Personally I have found if they are greased it dries and causes more problems than not applying it in the 1st place. The only time I've had them greased was on an previous car that repeatedly kept sticking on the slider pins. And then my mechanic used an incredibly thin grease that didn't dry and buffed the pins smooth which solved the problem. So I knew there was something available but had no idea what it is or where to get it.

    I tend to work my brakes quite hard. I have been known to destroy a brand new set of discs after 2 months due to braking a little too hard. The kicker was when my mechanic sent them back to the manufacturer thinking they were faulty, only for the manufacturer to x-ray them and check the colour temps in the metal. The highest temp they were recorded as cooling down from was over 800 degrees. So under braking they would have been over 900 degrees and glowing red hot. Suffice to say the warranty was void. :Whistle:After a telling off from my mechanic I upgraded to EBC discs and pads which solved the problem. :Smile:
     
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  12. Doc Expert Advisor ★ ★ ★ ★ ★

    Matt Peterborough
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    Quick update. Well after stripping and cleaning my front brakes it seems the vibration I was experiencing has returned.

    Originally the problem became noticeable after having my front brakes cleaned, so I knew this was the root cause. I was experiencing a vibration while driving and braking. After finally finding the time to strip and clean the brakes thoroughly the vibration while driving disappeared. But I am still experiencing a vibration while braking. The slider pins are still not greased and the brakes are not binding as the disc temps are both low and even after driving. The car has only just covered 33k miles but the discs have already developed lips.

    So my conclusion is the previous owner has hammered the brakes and warped the discs slightly, and as the warping had already started my continuing use is causing the problem to quickly get worse. The pads are currently about the same thickness as the back plate which I know is hindering heat dissipation away from the disc further adding to the problem. So as soon as funds allow my next job will be to replace the discs and pads.
     
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  13. Ichiban Founder Staff Team

    England CJ Leeds
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    The diesel are heavy on the brake wear Doc. The excessive front end weight of the diesel and hard braking will not go it any good.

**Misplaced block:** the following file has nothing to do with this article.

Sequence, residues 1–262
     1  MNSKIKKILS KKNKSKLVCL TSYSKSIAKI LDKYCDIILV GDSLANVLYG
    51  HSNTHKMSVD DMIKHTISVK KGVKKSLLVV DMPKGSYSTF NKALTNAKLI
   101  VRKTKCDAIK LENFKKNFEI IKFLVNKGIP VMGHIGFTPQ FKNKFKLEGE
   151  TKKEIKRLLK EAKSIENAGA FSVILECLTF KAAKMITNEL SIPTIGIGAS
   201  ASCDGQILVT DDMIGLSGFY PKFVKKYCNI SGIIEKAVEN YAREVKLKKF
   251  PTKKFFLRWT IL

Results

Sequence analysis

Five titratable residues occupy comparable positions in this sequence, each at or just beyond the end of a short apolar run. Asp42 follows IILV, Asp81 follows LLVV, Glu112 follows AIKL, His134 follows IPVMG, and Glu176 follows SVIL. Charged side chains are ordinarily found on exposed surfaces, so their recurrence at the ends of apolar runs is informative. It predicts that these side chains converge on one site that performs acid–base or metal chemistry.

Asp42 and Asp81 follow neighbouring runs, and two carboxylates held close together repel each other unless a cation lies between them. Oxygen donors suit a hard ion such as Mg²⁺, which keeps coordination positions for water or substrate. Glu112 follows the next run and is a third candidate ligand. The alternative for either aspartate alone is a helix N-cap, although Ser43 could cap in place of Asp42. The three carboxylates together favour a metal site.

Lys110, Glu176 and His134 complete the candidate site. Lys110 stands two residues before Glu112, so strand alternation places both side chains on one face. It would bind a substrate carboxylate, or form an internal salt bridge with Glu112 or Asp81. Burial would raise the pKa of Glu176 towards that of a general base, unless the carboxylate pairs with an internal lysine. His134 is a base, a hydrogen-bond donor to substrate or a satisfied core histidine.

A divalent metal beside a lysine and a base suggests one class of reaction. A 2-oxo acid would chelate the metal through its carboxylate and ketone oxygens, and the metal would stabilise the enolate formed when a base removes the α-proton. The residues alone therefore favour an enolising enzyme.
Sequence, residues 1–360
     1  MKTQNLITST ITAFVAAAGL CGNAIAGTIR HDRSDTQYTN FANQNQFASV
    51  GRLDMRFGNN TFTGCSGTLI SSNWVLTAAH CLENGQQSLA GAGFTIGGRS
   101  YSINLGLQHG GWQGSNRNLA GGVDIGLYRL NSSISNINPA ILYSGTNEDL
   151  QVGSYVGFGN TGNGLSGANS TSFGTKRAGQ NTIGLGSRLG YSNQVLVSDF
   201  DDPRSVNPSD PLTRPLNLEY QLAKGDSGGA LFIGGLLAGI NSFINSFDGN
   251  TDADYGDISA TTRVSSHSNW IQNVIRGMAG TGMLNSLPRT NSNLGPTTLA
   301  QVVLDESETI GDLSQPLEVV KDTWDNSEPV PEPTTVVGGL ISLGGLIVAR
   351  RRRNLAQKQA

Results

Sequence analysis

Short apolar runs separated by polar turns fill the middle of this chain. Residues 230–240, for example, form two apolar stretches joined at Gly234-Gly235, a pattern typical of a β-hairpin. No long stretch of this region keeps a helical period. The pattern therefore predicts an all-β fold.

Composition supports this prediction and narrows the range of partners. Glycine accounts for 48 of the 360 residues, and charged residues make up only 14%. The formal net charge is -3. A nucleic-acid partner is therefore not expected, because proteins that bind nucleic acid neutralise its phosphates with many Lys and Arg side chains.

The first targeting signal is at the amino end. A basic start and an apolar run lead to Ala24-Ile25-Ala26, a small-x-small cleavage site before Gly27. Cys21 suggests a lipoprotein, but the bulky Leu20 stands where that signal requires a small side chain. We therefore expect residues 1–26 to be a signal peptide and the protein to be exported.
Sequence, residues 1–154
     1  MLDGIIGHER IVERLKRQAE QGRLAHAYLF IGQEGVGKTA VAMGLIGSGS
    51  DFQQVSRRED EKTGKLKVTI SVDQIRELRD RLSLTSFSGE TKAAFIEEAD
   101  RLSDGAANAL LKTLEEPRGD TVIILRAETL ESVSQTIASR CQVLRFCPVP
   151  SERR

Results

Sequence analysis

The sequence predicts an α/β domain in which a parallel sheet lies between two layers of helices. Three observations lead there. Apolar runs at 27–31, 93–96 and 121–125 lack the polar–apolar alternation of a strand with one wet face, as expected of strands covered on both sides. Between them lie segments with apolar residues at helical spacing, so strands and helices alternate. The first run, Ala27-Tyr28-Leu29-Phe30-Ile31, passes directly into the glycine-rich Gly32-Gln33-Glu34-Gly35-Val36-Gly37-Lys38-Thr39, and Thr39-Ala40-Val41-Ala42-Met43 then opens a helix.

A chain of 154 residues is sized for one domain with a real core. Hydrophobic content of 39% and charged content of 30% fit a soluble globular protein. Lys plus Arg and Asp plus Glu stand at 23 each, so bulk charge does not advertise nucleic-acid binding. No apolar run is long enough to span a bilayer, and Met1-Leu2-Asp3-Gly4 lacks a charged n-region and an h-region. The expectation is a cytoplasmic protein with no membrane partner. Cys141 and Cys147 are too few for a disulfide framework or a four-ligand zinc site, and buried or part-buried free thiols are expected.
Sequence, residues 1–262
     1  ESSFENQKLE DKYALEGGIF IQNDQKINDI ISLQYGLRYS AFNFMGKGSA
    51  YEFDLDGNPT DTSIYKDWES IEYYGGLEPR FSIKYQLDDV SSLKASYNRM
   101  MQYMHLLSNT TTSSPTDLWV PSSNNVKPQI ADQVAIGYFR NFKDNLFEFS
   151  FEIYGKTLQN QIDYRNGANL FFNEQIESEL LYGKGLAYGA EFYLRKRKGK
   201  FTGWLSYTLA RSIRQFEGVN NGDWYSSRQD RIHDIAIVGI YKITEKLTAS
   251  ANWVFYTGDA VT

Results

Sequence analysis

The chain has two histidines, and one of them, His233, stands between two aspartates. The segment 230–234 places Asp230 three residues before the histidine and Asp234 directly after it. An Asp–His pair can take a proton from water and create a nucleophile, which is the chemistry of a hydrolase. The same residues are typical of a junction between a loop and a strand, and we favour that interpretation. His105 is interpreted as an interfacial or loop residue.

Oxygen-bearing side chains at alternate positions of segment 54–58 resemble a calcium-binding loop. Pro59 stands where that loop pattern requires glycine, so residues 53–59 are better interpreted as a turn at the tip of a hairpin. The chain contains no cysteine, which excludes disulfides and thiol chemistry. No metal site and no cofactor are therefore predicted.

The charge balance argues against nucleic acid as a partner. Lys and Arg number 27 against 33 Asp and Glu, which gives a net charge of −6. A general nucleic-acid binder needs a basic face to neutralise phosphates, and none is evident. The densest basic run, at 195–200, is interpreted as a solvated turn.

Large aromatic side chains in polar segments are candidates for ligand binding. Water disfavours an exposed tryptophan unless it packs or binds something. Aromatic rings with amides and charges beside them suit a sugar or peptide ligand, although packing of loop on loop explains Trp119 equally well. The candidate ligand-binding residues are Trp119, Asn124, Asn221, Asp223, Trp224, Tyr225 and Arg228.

The disc will develop lips at that mileage, if you get dual piston calipers the bite will be harder the life of the disc slight prolonger. Helen 2004 car had way better brakes and lower wear. Mine well don't ask they are caned.
     
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  14. Doc Expert Advisor ★ ★ ★ ★ ★

    Matt Peterborough
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    The amount of wear seemed excessive for for the mileage its covered from my previous experience, but all my previous cars have been petrol. But if you say that having those lips is normal for the diesel on that mileage well that puts my mind at ease a bit for the abuse I thought it might have suffered from the previous owner. The Accord does brake a lot better than my previous cars and the added diesel weight would make sense.

    By the dual piston I take it you're talking about the ATR caliper conversion? You say they last longer, is that because of the bigger discs and pad surface area? I thought the harder braking with dual pistons would mean they would wear quicker?
     
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  15. Nav Senior Member ★ ★ ☆ ☆ ☆

    What if I use copper grease on those pins.. is that bad.?? Or general lithium based grease..any help..can they fail ur MOT if the pads are squeeling like a pig...
    I.asked Brindley Honda for some Molycote 77(as HH is a mission from where I am and need this brake pads changed today evening) they had no idea what I was talking about. And they don't sell any.
     
    Last edited: Tuesday 24th Jul, 2012
  16. Ichiban Founder Staff Team

    England CJ Leeds
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    Last edited by a moderator: Sunday 23rd Feb, 2014
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  17. Nav Senior Member ★ ★ ☆ ☆ ☆

    Sorry guys, if this was discussed before.. can't seem to.find it here.. I am usi.g me phone to browse...
    My question.. I can see its a hex Allen key that you need to use to take the calipers off.. just to confirm is it size 7 they use... I bought a Allen key set and it went from 6-8, no 7. Just wondering if what I need is 7 before I buy the from online. Local halfords dosent seem to have one...
     
  18. Ichiban Founder Staff Team

    England CJ